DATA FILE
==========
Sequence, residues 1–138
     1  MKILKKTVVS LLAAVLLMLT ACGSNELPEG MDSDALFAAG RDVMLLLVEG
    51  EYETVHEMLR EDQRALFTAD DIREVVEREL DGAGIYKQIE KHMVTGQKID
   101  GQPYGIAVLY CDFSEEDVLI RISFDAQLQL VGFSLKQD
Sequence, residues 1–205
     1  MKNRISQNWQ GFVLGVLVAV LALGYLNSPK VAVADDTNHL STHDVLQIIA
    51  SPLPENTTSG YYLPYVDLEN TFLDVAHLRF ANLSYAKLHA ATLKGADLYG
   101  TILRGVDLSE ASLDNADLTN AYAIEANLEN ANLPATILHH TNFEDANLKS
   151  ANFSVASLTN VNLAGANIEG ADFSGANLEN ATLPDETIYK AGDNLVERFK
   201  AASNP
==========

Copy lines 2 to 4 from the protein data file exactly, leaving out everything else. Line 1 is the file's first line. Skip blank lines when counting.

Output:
     1  MKILKKTVVS LLAAVLLMLT ACGSNELPEG MDSDALFAAG RDVMLLLVEG
    51  EYETVHEMLR EDQRALFTAD DIREVVEREL DGAGIYKQIE KHMVTGQKID
   101  GQPYGIAVLY CDFSEEDVLI RISFDAQLQL VGFSLKQD